St. E’s Performs New Aortic Valve Procedure

YOUNGSTOWN, Ohio – For the first time in the Mahoning Valley, a team at St. Elizabeth Youngstown Hospital  performed a transcatheter aortic valve replacement procedure.

They performed the operation last week.

Then, later in the day on March 1, they did it again. And twice more on March 9. And next week, the team will do three more.

“This is one of the biggest advancements in cardiology and cardiac surgery in a long time,” says Dr. Robert Hunt, an interventional cardiologist on the team performing the surgeries.

The new procedure (WATCH VIDEO) was announced at a press event Thursday.

The minimally invasive surgery is performed on patients who suffer from severe aortic stenosis, or a narrowing of the aortic valve to the heart. While there are minor variations on the surgery nationwide, those at St. Elizabeth’s have been done by inserting sheathes into the femoral arteries, one on each side of the body, in the groin and threading a catheter with a balloon around it into the heart. There, the balloon is expanded, reopening the valve.

Then, a second catheter with a second balloon and an artificial valve made from cow tissue is inserted and expanded to create a new valve in the heart chamber. The full procedure takes about 90 minutes, Hunt says.

“Up until recently, the only treatment option was surgery where a surgeon would open the chest, excise the valve and put in a new one,” he explained. “That’s a major undertaking for the elderly, who often have other problems as well.”

St. Elizabeth’s is the only hospital between Cleveland and Pittsburgh that offers the procedure and one of only about 350 nationwide, according to officials.

After going through nine months of training and visiting other hospitals, including the Cleveland Clinic and Cedars-Sinai Hospital in Los Angeles, having such as operating schedule so early on proves how much the procedure is needed here,  Hunt says.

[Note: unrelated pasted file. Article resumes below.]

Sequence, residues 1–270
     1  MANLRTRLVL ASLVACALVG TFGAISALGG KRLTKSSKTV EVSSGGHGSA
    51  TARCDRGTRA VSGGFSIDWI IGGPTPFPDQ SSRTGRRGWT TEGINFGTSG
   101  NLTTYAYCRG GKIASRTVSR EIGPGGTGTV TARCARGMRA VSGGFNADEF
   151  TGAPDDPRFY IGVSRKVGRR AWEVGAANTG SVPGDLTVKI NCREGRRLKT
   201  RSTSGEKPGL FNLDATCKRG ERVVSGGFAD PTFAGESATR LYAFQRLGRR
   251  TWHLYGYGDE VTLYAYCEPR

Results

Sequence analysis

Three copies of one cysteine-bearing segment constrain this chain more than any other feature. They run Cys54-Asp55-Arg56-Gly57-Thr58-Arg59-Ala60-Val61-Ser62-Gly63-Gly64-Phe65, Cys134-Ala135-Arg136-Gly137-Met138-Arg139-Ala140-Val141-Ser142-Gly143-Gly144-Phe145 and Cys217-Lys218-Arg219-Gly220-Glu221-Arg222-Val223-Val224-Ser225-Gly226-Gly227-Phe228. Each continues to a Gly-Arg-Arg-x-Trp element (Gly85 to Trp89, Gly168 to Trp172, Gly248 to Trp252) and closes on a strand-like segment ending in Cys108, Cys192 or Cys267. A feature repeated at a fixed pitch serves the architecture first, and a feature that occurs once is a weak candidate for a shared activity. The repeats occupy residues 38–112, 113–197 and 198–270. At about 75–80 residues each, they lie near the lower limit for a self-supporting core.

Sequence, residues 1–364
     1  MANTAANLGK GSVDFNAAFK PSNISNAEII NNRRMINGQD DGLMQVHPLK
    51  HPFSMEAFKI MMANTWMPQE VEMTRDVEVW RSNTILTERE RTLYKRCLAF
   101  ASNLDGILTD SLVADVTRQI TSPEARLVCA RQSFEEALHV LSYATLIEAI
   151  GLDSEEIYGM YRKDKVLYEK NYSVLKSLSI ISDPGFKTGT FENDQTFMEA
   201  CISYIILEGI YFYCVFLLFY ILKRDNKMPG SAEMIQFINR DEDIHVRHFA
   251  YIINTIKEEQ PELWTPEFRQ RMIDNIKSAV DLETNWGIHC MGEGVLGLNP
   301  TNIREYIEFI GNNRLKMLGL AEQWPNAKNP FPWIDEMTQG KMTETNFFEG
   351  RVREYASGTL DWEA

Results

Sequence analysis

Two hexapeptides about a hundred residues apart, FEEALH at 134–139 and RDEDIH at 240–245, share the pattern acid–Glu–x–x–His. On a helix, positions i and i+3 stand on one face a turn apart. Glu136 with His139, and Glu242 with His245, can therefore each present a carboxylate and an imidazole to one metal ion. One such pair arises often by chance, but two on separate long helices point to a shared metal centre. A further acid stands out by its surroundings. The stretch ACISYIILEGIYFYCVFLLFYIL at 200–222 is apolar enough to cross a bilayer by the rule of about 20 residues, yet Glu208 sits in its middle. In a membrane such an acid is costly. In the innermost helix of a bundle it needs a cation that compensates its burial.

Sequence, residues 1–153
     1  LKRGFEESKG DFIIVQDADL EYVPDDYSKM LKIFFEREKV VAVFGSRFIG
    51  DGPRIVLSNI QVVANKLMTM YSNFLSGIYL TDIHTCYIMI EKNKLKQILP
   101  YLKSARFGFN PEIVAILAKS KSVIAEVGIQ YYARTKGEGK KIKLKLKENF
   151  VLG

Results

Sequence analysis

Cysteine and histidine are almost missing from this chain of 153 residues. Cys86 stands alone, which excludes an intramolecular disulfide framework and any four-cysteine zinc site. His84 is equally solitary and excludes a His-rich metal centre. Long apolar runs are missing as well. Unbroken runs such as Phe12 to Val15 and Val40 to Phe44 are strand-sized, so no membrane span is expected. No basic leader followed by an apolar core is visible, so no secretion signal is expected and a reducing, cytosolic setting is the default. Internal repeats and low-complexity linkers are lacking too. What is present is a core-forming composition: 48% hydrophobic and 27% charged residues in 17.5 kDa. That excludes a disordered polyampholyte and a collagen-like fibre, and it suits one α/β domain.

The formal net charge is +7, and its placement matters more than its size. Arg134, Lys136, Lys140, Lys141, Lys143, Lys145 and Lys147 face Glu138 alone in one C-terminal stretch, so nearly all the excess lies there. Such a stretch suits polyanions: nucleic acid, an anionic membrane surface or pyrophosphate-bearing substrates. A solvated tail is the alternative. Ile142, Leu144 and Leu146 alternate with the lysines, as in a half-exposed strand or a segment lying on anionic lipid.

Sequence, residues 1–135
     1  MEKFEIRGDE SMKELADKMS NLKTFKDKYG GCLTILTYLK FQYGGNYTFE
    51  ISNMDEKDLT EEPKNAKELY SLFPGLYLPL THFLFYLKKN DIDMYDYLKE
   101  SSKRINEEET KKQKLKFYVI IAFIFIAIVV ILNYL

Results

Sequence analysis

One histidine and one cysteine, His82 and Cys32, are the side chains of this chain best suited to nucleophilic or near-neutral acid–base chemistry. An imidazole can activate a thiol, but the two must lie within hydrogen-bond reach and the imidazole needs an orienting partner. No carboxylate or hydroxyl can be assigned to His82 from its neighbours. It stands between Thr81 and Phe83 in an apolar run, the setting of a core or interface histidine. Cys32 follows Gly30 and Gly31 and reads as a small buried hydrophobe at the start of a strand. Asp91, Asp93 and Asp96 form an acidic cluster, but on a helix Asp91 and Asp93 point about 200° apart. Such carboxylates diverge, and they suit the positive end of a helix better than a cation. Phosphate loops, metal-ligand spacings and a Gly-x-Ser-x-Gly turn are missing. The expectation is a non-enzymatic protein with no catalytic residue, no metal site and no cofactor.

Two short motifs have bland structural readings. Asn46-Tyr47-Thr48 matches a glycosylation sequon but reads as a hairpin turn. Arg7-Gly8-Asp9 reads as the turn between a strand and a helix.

“These are reserved only for people deemed to be a high risk for normal [open heart] surgery,” he says.

The biggest advantage of the surgery, Hunt says, is the recovery time. Where patients who undergo open-heart surgery for aortic stenosis are typically confined to a bed for days, possibly weeks, after surgery, those who have the transcatheter aortic valve replacement, or TAVR, procedure, are out within a day or two.

“I went into surgery on Tuesday at 11:30. By that night, I was sitting up in the ICU,” says Earnest Federico, the second patient to have the surgery at St. Elizabeth’s. “The next day I was walking. And on Thursday I was discharged with some blood thinners and blood pressure medication.”

Federico, who lives in Poland, had a triple heart bypass in 2006, preventing him from having open-heart surgery. As just the second patient to have the surgery in the Mahoning Valley, he was remarkably calm going into the operating room, he said.

“I know these doctors are experts. I watched videos on what kind of training they went through. There are videos of the TAVR procedure on YouTube,” he said. “All the information is out there. I was completely at ease knowing that it was all going to be taken care of.”

Surgeries are a team effort, Hunt added, emphasizing that while he was the one addressing reporters,  another 25 people joined him in the operating room for the surgery.

“Each had a different role,” he said, including heart surgeons, imaging specialists, interventional specialists, the anesthesia team and technologists. “We were all very excited to be able to do the procedure and hopefully the patients can benefit as we think they will.”

And so far for Federico, he felt the benefits almost immediately.

“It’s a world of difference. I can breathe better. My lung capacity is more full. I have more energy,” he said. “I can’t run marathons yet but I’m walking around much better.”

Among the symptoms of aortic stenosis, Hunt explained, are shortness of breath, chest pain and passing out. Each is caused by a lack of blood flow because of the narrowed heart valve.

The procedure has been performed only about five years, meaning the long-term results of TAVR aren’t entirely known, Hunt said, but immediate results show promise.

“The results so far comparing patient survival and well-being to those that have had surgery are almost identical. The longer we go, the more we’ll know,” he said. “The valves may fail over time, but they don’t seem to be doing anything at an abnormal rate at this point.”

For now, the TAVR procedure is  available only to those with severe narrowing of heart valves and medical histories that make open-heart surgery risky, but could be open to more patients in about a year, Hunt said.

TAVR Cardiac Valve Replacement at St. E’s

Pictured: Rehki Varghese, interventional cardiologist, patient – Earnest Federico, Jocelyn Kimmel, valve clinic coordinator and Robert Hunt, interventional cardiologist.

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